But that’s not my real beef with academic theology. I have two reservations, one about its positive contribution and another about its negative contribution (about the latter, more next week). Positively, I have wrestled long and hard with the standard academic systematic theology categories, and I find them effectively worthless in the work of making disciples.  The contents of those categories are often vital, but the organizational scheme is actively harmful.

The academic approach divorces essential truths from the contexts in which their beauty and utility is readily visible, and embeds them in a classroom context where they appear abstruse and impractical. A counseling major in seminary remembers with a shudder the lectures on christology in his required theology classes, trying to keep homoousios straight from homoiousios, never learning that the precious truth the fathers preserved for him is the very heart of his life’s work.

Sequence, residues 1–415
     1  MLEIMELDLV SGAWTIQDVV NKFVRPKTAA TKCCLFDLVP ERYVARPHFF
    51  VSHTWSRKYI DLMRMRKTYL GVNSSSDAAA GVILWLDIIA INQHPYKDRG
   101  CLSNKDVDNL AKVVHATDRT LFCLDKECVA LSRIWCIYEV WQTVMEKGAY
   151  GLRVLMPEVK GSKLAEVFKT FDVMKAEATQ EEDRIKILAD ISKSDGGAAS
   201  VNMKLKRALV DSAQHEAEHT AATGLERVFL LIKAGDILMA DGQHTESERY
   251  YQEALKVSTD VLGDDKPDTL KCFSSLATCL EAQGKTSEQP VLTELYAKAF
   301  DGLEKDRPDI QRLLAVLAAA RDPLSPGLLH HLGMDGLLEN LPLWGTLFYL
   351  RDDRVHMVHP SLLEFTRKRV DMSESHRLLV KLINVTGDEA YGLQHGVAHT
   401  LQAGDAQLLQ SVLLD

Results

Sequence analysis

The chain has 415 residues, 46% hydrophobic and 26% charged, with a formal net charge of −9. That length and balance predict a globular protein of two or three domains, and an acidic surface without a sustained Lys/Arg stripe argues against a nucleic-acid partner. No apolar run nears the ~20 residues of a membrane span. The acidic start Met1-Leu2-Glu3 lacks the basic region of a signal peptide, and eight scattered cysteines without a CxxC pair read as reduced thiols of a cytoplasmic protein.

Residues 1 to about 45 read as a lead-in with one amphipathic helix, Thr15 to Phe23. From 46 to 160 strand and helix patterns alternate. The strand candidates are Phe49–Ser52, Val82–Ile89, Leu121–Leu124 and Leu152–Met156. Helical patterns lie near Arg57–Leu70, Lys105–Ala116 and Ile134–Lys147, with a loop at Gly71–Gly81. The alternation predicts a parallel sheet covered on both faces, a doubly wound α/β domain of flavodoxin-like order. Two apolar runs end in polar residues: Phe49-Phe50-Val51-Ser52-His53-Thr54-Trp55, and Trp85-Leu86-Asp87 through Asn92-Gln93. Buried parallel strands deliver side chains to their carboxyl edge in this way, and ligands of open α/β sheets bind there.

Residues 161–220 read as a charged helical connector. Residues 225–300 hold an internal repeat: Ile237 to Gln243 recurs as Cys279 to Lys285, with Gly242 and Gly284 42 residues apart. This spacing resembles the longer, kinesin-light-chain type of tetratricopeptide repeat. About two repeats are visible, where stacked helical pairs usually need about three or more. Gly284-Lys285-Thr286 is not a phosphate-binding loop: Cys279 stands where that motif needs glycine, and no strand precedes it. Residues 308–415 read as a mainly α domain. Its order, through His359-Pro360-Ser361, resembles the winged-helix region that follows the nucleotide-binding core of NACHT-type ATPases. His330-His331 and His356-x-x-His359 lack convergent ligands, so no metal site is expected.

So because the Christian Faith is deeply precious, I have deliberately and consciously chucked the academic way of organizing and talking about it. There is another way of approaching the same material — still ordered, but it’s the order of a nursery, not a library bookshelf. It’s the order exhibited by the biblical literature itself, from the Torah to the church epistles — which are neither composed nor arranged like systematic theology texts. They’re history, liturgy, and theological reflection on both. If we simply study The Story of Our People, we will cover all the bad ideas, but we will encounter them in their historical context, as temptations rather than just bad ideas.


Crypto-Buddhist Christians

23 August 2022

I think of myself as having grown up on the slightly fundamentalist side of normie Evangelicalism, which is true as far as it goes, but I also grew up in a strongly renunciate household. My parents regularly told stories of praying fervently for some particular result, and continuing in prayer for weeks until they reached a point of surrender at which they said “Fine, Lord, I leave it in Your hands entirely. Whatever You choose to do is fine with me” — at which point, the prayers would finally be answered.